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by Timothy Keller
It is commonly thought in secular society that the Bible is one of the greatest hindrances to doing justice. Isn’t it full of regressive views? Didn’t it condone slavery? Why look to the Bible for guidance on how to have a more just society? But Timothy Keller challenges these preconceived beliefs and presents the Bible as a fundamental source for promoting justice and compassion for those in need. In Generous Justice, he explores a life of justice empowered by an experience of grace: a generous, gracious justice. This book offers readers a new understanding of modern justice and human rights that will resonate with both the faithful and the skeptical.
by Harry Brighouse
It offers detailed accounts of John Rawls’s theory of justice as fairness; the alternative ‘capabilities approach’ developed by Nobel-prize winning economist Amartya Sen; the libertarian theories of Milton Friedman and Robert Nozick; the ‘group-rights’ based theory of Will Kymlicka; and Nancy Fraser’s theory of participatory parity. The book also includes extensive discussions of the nature and purpose of political theorizing, and it asks whether theories of justice should take only social institutions as their subject, or should also comment on personal motivations and behaviour.
by Dan Mahoney
New York City. A wealthy businessman meets a violent fate in his elegant, carefully-secured home in Queens. Two drug dealers are murdered in a Brooklyn no-tell motel room. Several men are found riddled with bullets and nails on a little-traveled road beneath FDR Drive. And soon thereafter, a church, a synagogue, and a mosque find bags of cash waiting at their doorsteps-all from a vigilante who signs himself “Justice.”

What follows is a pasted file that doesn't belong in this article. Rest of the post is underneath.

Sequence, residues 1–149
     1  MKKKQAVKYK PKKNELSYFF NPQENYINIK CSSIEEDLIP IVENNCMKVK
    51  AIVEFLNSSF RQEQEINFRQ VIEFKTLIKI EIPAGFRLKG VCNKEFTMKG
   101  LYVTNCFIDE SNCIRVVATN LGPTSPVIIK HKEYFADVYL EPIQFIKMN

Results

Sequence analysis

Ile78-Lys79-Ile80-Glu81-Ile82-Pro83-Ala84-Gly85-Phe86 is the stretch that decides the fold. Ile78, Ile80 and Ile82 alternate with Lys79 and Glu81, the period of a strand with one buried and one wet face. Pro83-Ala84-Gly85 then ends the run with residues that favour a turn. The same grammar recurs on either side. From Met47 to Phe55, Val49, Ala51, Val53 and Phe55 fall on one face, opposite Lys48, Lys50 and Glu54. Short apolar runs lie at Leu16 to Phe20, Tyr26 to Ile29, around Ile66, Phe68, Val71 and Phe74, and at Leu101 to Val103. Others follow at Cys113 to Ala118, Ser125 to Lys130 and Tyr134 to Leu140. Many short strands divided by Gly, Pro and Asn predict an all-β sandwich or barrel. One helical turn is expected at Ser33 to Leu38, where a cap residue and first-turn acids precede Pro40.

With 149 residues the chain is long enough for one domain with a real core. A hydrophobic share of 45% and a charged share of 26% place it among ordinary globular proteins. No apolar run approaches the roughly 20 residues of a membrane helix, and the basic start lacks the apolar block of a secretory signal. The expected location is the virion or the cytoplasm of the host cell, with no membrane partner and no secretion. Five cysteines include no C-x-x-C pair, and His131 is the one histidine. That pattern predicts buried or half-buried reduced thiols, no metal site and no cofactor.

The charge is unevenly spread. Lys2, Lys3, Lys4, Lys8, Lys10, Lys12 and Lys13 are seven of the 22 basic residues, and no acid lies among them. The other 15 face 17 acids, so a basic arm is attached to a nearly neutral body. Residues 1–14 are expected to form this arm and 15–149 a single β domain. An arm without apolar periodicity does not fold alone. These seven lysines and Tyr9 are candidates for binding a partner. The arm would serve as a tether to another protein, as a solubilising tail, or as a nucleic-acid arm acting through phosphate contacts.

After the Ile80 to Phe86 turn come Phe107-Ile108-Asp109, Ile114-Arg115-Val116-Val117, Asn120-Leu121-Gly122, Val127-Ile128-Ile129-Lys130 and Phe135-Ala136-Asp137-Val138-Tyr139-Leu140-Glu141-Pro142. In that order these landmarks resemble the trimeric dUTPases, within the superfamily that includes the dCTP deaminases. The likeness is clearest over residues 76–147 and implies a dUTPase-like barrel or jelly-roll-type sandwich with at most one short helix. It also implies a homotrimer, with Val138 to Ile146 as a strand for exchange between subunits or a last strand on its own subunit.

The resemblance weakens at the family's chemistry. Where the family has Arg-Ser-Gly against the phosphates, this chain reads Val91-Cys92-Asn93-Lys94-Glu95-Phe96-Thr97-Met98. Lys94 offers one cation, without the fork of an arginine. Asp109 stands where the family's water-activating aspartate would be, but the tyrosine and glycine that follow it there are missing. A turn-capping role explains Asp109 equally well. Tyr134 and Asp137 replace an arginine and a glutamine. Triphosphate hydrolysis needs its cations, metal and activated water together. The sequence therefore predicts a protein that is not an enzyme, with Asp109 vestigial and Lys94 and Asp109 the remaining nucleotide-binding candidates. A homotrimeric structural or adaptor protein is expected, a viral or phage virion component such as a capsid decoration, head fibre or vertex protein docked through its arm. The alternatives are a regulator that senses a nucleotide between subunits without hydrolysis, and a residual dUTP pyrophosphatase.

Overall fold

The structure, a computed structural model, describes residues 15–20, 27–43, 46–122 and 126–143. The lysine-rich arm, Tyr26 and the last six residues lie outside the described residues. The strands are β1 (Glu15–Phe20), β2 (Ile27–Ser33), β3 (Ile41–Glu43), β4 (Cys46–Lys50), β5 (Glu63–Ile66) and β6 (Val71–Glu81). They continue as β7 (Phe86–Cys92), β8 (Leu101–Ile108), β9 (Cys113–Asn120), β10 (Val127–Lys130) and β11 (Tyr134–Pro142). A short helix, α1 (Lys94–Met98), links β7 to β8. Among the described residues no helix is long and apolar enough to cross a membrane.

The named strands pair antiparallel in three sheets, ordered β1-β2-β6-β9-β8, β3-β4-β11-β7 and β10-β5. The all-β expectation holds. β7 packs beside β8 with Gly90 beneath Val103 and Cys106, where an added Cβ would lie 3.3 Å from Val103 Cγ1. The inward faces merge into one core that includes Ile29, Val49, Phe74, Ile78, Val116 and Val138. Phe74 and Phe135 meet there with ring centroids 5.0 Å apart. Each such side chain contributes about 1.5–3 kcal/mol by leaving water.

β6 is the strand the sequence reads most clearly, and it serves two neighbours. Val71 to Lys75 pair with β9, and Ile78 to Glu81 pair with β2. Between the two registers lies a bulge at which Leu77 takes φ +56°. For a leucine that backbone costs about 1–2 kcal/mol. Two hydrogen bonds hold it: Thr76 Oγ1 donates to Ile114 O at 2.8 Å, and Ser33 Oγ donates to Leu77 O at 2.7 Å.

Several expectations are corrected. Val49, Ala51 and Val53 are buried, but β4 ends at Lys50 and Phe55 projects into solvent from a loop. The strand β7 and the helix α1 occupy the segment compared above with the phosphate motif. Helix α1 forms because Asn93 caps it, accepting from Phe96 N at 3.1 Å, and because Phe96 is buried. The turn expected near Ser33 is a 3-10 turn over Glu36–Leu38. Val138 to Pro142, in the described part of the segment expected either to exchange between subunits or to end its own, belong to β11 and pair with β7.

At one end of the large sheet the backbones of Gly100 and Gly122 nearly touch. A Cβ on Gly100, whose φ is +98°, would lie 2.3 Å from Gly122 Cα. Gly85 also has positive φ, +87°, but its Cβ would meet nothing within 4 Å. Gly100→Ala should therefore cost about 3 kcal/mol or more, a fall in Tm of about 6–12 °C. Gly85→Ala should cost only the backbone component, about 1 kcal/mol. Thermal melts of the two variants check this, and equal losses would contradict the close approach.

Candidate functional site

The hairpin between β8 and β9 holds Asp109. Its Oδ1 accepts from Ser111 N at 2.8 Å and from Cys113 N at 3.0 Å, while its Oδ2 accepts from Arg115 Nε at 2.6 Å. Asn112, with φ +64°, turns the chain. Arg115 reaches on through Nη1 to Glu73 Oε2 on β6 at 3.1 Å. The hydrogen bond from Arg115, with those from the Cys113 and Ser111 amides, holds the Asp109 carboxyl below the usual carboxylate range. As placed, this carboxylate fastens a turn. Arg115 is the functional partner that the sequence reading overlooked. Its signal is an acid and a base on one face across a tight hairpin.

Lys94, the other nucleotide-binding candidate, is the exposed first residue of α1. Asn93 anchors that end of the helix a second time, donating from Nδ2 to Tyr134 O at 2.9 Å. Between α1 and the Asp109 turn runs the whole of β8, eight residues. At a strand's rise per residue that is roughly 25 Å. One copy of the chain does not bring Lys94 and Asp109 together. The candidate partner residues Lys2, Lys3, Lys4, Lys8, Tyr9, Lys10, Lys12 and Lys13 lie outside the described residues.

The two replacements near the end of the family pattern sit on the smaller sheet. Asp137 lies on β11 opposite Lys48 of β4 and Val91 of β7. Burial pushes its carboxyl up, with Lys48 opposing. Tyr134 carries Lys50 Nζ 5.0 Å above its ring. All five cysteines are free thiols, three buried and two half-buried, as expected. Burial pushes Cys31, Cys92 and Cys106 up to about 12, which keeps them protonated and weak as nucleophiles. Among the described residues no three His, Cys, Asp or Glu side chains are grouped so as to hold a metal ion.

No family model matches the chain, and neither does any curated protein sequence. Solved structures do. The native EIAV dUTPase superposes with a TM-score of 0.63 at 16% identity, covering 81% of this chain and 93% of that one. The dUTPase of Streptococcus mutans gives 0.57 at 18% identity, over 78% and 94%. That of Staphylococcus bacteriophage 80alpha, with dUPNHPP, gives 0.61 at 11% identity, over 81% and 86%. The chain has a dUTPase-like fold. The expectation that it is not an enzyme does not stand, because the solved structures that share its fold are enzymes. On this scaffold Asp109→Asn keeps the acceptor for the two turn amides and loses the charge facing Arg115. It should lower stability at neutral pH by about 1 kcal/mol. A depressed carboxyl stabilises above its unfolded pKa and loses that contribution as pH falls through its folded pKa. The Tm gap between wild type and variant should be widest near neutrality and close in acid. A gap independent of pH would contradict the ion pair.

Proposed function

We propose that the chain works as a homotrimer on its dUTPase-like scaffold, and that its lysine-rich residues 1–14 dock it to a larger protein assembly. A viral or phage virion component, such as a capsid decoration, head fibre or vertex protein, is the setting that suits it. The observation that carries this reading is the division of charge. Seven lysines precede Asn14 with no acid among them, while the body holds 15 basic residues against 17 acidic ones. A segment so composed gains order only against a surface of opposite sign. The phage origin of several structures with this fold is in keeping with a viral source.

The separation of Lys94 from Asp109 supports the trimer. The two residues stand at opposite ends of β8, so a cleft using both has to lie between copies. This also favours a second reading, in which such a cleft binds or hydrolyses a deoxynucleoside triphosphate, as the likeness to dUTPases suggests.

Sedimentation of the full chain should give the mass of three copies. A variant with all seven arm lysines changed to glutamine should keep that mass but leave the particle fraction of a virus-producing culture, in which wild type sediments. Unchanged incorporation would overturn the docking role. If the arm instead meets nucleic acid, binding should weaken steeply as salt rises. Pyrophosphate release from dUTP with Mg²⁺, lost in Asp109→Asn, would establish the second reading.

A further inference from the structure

NYPD Detective First Grade Brian McKenna and his partner, Cisco Sanchez (the self-described world’s greatest detective), are assigned to find the elusive killer that all of New York City is rooting for, a man of supreme technical skills, physical power, and intelligence, who always seems to know every move the police will make before they make it. Justice is executing drug dealers, helping the police close unsolved cases, providing those in need with stolen drug money, and creating a nightmare for the police commissioner, the mayor, and the two detectives.
As McKenna and Sanchez work to try and outsmart the vigilante and discover his next victim, they also must find out who is helping Justice in his quest for revenge.
Justice showcases fascinating investigative detail, wild action, and Dan Mahoney’s trademark humor in a terrific police thriller.
by Ronald L. Cohen
by Ken Wytsma, David Jacobsen
The ONLY way to find abundant life and happiness is to give your life away.
If God designed us to experience true happiness and abundant life, why do so many Christians feel dissatisfied and purposeless? We try to make our lives better by chasing our own dreams, but that only makes the problem worse. Instead, the path to a just life that”s satisfying and permeated with meaning leads us alongside the orphan, the widow, and the powerless. Using clear evangelical theology and compelling narratives drawn from two decades of global ministry and travel, Ken Wytsma, the founder of The Justice Conference, shows God”s unchanging love for all His children. On the way, the author calls us back to a proper understanding of biblical justice, a redeeming glimpse into the true meaning of righteousness and the remarkable connection between our own joy, the joy of others, and the wondrous Gospel of Jesus Christ.
Pursuing Justice shows that God isn”t primarily concerned with personal piety but about empowering His children to do justly, to love mercy, and to walk humbly with their creator. The message is as hopeful as it is fresh: when you discover anew the meaning of the Gospel and give your life away, you will find it…and it will be the best life you can imagine.